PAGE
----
More than 1.2 million American households moved to above $50,000 in annual income between 2016 and 2018, according to Census Bureau data released on Sept. 10, a sign of a growing middle class.
The data is a boon to President Donald Trump, whose platform is centered on a strong economy and promises of increased prosperity.
While in 2016, some 58.5 percent of households enjoyed more than $50,000 in total money income, the share rose to more than 60 percent in 2018. The median household income, meanwhile, rose by nearly 2.3 percent—with all figures adjusted for inflation.
The comparison isn’t quite apples-to-apples, since the bureau implemented a new methodology in its latest report that somewhat influenced the results for both 2018 and 2017.
Still, the data bears out a middle-class expansion unseen since the 1960s. Nearly 30 percent of households pulled in between $50,000 and $99,999 in 2018. That’s up from less than 29 percent the year before—the fastest increase since 1968.
Middle Class Woes
America has done a decent job of lifting up its poor, with the number of households earning less than $25,000 a year dropping by about 20 percent since 1968. The improvement is more significant when taking into account that the average household size has decreased from about 3.2 people to 2.5 people in the same period.
Furthermore, the country multiplied its rich (those with households earning over $200,000 year) more than eightfold, to 8.5 percent in 2018 from just 1 percent in 1968.
The middle class, however, had shrunk considerably. While in 1968, over 38 percent of households earned over $50,000 and under $100,000, the percentage dropped to 28.6 by 2014.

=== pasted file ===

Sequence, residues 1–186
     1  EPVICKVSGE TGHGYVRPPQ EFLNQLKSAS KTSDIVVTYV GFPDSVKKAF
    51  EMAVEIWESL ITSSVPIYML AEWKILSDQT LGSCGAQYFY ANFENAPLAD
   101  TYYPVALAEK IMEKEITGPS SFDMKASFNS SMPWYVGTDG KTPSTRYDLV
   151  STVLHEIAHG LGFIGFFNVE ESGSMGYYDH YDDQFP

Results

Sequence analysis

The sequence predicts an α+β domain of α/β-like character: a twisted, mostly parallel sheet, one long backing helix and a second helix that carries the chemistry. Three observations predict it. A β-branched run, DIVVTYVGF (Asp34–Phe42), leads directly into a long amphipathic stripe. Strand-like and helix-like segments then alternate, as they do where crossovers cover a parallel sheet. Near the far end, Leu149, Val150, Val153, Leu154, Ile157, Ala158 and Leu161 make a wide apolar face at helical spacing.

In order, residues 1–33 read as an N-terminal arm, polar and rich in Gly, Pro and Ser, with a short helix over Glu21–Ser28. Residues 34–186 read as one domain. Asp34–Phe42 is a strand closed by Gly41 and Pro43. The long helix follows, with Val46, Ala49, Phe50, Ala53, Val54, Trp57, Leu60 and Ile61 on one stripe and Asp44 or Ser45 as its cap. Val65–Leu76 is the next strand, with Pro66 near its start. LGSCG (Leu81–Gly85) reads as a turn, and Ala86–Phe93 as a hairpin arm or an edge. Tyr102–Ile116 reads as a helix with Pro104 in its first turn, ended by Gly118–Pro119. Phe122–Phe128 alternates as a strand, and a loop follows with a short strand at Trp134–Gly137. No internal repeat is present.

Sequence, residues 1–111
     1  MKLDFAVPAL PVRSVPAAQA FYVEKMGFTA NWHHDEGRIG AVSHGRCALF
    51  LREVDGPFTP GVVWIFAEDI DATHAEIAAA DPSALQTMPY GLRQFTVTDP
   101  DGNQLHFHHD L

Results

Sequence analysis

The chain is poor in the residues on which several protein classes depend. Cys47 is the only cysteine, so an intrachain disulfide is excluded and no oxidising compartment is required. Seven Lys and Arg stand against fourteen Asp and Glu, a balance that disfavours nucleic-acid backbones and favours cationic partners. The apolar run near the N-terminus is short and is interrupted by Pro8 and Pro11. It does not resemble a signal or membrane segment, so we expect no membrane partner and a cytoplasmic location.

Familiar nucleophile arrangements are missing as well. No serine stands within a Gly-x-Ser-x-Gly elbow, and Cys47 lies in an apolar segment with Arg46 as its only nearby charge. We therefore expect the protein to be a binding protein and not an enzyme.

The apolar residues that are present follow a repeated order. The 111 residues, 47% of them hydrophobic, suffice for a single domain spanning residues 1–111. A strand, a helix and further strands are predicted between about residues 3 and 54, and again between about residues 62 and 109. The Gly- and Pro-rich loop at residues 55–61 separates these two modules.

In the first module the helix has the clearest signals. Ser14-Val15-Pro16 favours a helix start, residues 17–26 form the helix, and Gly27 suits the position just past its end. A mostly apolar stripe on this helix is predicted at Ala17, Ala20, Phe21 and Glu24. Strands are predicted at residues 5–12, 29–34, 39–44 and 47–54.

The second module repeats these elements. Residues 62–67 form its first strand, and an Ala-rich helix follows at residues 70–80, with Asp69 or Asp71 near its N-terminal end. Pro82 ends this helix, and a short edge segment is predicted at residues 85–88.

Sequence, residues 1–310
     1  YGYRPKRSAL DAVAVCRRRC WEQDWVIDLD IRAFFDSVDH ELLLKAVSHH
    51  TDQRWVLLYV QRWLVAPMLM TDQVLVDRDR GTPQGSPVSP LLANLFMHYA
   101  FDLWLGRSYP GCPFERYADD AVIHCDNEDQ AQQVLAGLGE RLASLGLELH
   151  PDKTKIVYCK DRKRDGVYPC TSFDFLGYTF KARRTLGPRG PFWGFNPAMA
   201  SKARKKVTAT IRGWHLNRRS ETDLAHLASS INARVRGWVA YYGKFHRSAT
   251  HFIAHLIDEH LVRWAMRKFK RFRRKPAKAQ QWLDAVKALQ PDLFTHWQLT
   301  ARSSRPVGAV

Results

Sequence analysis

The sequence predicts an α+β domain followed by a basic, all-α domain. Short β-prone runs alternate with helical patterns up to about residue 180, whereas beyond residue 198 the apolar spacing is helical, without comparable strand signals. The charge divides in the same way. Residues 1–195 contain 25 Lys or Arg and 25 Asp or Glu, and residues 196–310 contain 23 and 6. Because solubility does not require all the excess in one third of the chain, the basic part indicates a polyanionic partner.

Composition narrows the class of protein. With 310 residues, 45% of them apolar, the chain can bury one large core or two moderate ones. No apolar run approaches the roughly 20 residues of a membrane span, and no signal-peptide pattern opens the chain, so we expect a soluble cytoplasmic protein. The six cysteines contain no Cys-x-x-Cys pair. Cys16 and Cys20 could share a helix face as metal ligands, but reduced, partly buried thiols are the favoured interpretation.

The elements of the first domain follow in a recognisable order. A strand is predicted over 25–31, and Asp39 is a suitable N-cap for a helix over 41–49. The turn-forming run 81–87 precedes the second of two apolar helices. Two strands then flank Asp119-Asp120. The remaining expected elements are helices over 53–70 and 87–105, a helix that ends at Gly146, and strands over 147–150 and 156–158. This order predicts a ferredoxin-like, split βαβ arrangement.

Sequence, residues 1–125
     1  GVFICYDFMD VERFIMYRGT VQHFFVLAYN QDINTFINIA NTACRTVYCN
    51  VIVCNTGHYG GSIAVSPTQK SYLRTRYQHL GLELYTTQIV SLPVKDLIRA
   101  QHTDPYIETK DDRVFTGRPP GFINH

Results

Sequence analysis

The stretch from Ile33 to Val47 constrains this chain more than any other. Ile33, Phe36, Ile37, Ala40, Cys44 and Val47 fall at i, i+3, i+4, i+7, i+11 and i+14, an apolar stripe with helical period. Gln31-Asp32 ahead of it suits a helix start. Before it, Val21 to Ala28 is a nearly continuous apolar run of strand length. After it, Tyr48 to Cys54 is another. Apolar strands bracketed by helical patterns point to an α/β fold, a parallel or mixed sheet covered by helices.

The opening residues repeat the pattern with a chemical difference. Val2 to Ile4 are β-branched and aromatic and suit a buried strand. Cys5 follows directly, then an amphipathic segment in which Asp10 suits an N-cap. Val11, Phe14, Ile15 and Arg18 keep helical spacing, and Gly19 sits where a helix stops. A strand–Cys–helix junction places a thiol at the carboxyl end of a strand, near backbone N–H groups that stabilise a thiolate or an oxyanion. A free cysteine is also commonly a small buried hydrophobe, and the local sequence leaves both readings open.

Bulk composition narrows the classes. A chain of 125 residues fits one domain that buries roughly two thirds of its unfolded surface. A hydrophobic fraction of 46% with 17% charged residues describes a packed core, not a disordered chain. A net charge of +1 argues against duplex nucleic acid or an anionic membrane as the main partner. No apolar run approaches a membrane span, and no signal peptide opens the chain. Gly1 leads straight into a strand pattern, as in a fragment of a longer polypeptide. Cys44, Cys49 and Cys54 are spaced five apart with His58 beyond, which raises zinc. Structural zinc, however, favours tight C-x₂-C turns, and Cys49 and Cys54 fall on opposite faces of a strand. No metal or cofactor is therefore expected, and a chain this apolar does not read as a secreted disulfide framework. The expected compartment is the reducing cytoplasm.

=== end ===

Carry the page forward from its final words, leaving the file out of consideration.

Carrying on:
Signs of Change
In many respects, 2018 was a significant year for the middle class.
In the first months of 2018, the unemployment rate remained stuck at 4.1 percent, seemingly confirming forecasts of some economists that the 4 percent barrier signifies full employment. But the economy kept adding jobs. By the year’s end, unemployment fell to 3.7 percent, the lowest since 1969. Despite some ups and downs, the rate still stood at 3.7 percent in August 2019.
The progress has been even more apparent for black Americans, whose unemployment rate dropped below 7 percent for the first time in December 2017 and in May 2018 fell further to 5.9 percent. That record held for more than a year until it was also shattered in August as the rate hit 5.5 percent.
Money in Pockets
Another shift happened in wage growth.
In early 2018, it was high-wage industries that had the fastest growth (about 3 percent). But by the year’s end and into 2019, annual growth has been strongest in low-wage industries—about 4.7 percent—according to an Aug. 2 data analysis by Martha Gimbel, research director at job-seeking site Indeed.
It was also those with the lowest education enjoying the fastest wage growth, a July report from the Congressional Research Service showed (pdf).
Meanwhile, Americans have been weaning themselves off dependency on government programs.
In the first 29 months under Trump, food-stamp enrollment dropped by nearly 6.7 million. That compares with the less than 3.8 million drop under the last 29 months of the Obama presidency, which included a sudden drop of more than 770,000 in April 2016, when work requirements for able-bodied adults came into effect. Prior to that, the requirements were waived by most states, due to the 2008 recession.
Enrollment in Medicaid and CHIP, government-sponsored health insurance for children and the poor, also declined under Trump by more than 2.9 million between January 2017 and June 2019.
Push on China
Trump has benefited from entering office during a period of expansion, yet the economy has also been boosted by his cutting of taxes and regulations. By fostering a pro-business climate, he also sparked optimism for investment.
The economic strength and the resilience of the labor market, in particular, have given Trump room to mount unprecedented economic pressure on China, whose communist regime has long been hurting the United States with unfair trade practices such as forced technology transfer, theft of intellectual property, and currency manipulation.
While negotiations with the regime continue, Trump has been raising tariffs on an increasing share of imports from China and plans to add still more.
The United States has collected tens of billions on the tariffs, though they’ve also led to increased prices of some products for Americans.